Photo: Virginia Sherwood / Bravo
Richard Blais took home the title of Top Chef at the end of Wednesday's nights finale, and all is right with the world. After a long, surprisingly spirited "All-Stars" season, Richard, the heavy favorite, nabbed the crown -- but not without a tough fight from challenger Mike Isabella. The four-course menus both chefs created were short on gimmicks, focusing heavily on technique and flavor, and the judges came down to the wire before giving Richard the title. Find out how he prepared for the finale -- and why he says he's o.k. with being perceived as neurotic.
What did you do to prepare for the finale?
I really just kind of got back to basics. I think people expected me to come out with a laser gun or a robot to cook the food or something, but really, I was baking bread and roasting chickens. I wanted to come back to the Bahamas and emphasize that although I enjoy using some modern techniques, I can also cook with a spoon, a pot and some butter and salt and pepper. So I really focused myself and did basic cookery.
Traditionally, the judges have given contestants a lot of freedom to create what they want for the finale. Were you worried they were going to throw you a curve ball?
Going back into the final round, I think all of us were surprised that it wasn't going to be just two challenges, it was going to be four. Then also knowing it wasn't going to be three contestants left for the finale, it was only going to be two. I think the pressure throughout the whole season kept building and building. So certainly by the end of it, you know you can't control it, you're just going to have to accept that and go with it. So the final challenge was a little bit different. Go build your own restaurant -- it was surprising to me, but also thrilling. You saw on the show where I said I got goosebumps -- well, I really did. For a chef to be given the task of building your own restaurant, I mean, this is what chefs dream about on the subways or commuting back and forth to work. We're dreaming of that while we're sitting there chopping carrots or peeling potatoes.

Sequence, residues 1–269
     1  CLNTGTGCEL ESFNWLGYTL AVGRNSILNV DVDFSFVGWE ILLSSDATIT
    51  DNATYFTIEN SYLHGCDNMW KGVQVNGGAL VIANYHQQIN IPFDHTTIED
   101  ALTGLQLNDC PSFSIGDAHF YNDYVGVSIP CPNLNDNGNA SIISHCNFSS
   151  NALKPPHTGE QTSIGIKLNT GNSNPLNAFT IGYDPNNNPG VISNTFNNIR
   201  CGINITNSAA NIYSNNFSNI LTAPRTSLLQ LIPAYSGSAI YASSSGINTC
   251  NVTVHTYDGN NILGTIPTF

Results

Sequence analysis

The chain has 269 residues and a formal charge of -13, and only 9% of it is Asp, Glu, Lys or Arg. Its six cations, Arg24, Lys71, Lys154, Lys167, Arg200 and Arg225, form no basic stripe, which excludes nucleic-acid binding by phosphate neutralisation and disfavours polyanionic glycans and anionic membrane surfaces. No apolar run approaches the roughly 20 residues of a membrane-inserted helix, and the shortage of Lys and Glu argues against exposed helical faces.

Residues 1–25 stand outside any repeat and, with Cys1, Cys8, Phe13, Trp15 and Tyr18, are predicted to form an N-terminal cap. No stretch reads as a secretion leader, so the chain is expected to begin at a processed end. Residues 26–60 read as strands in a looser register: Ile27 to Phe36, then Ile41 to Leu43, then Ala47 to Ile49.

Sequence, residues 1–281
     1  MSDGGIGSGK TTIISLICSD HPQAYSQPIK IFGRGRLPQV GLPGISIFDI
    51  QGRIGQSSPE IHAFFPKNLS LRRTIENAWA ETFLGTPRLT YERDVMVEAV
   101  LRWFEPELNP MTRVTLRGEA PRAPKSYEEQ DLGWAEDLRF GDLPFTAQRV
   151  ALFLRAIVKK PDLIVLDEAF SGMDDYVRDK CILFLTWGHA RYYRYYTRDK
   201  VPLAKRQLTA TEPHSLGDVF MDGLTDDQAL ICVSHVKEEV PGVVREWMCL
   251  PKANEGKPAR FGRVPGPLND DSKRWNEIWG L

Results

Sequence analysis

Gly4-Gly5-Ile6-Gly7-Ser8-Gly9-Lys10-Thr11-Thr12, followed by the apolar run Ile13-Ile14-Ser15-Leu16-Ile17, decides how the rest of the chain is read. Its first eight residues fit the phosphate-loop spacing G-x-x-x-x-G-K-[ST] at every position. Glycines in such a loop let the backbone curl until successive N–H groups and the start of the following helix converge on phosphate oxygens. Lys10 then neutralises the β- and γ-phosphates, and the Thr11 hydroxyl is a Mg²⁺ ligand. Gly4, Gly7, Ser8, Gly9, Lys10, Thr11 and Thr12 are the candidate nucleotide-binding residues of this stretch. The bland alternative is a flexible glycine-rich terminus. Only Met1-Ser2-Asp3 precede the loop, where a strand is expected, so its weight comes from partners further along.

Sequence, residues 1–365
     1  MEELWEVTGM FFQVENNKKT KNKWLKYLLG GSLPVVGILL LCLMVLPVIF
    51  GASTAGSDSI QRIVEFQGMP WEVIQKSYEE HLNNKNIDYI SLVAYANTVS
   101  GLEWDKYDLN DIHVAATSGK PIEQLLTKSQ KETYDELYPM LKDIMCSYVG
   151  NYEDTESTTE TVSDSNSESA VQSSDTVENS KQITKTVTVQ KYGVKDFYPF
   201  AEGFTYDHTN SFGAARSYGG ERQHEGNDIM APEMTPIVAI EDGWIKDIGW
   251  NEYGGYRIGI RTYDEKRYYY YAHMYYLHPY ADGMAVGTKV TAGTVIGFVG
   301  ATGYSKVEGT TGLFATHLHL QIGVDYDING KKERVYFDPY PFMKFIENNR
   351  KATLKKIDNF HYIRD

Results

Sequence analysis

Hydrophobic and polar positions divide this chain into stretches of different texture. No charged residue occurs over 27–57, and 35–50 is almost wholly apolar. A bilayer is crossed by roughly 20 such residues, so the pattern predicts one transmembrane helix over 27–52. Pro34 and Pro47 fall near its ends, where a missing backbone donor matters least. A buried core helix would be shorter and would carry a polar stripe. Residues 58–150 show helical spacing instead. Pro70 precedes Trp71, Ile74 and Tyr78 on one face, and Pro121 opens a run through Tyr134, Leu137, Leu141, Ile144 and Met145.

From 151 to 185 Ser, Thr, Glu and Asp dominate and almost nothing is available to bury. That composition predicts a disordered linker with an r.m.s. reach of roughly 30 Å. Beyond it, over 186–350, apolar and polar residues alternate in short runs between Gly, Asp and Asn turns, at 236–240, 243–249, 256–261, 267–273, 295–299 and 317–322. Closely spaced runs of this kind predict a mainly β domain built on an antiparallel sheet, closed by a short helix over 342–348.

Are you glad the finale was two chefs instead of three?
I think it's a better way to go about determining the winner because it's more direct. The more food the judges are presented with, the greater the chances of things getting clouded. I think it's kind of neat to go head. Obviously it's easy for me to say that I enjoyed it, but I think it was a good way to go about it.
Everyone keeps saying how different All-Stars was from their regular seasons. Do you agree?
Yeah. This season was longer, so it turned a long-distance race into a definite marathon. And the challenges were extremely difficult. I'm sure everyone has mentioned that, but multiple times just finishing a challenge -- I had to stand back and say wow, I can't even believe that I finished that. I couldn't believe that my non-aquatic person was actually out there getting conch, or that I actually finished a challenge in nine minutes, or that I just ran around Target for two hours with no equipment. And the talent pool was just amazing -- you had 18 chefs with amazing culinary talent, and if things had gone differently you could easily have had 18 different winners.
It was obvious you wanted to win, and the camera captured a lot of your personality quirks. Are you happy with the way you got portrayed this season?
In my season I was portrayed -- whether it was true or not -- as being a really good guy, a lovable loser who just couldn't do it and choked. This time, coming back, some people are saying this guy is a neurotic mess and he's insane and he's crazy and he's just a ball of nerves. I think this time around I really wanted to express my true personality, and I was happy with the way things were done. That's me, you know? Sometimes I do over-analyze and I'm a touch neurotic perhaps -- but yeah, I'm happy with the way I got portrayed because I think it's true.